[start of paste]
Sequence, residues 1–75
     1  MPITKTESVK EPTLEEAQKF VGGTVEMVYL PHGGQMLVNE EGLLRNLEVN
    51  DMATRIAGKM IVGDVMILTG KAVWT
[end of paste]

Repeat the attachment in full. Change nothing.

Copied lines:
Sequence, residues 1–75
     1  MPITKTESVK EPTLEEAQKF VGGTVEMVYL PHGGQMLVNE EGLLRNLEVN
    51  DMATRIAGKM IVGDVMILTG KAVWT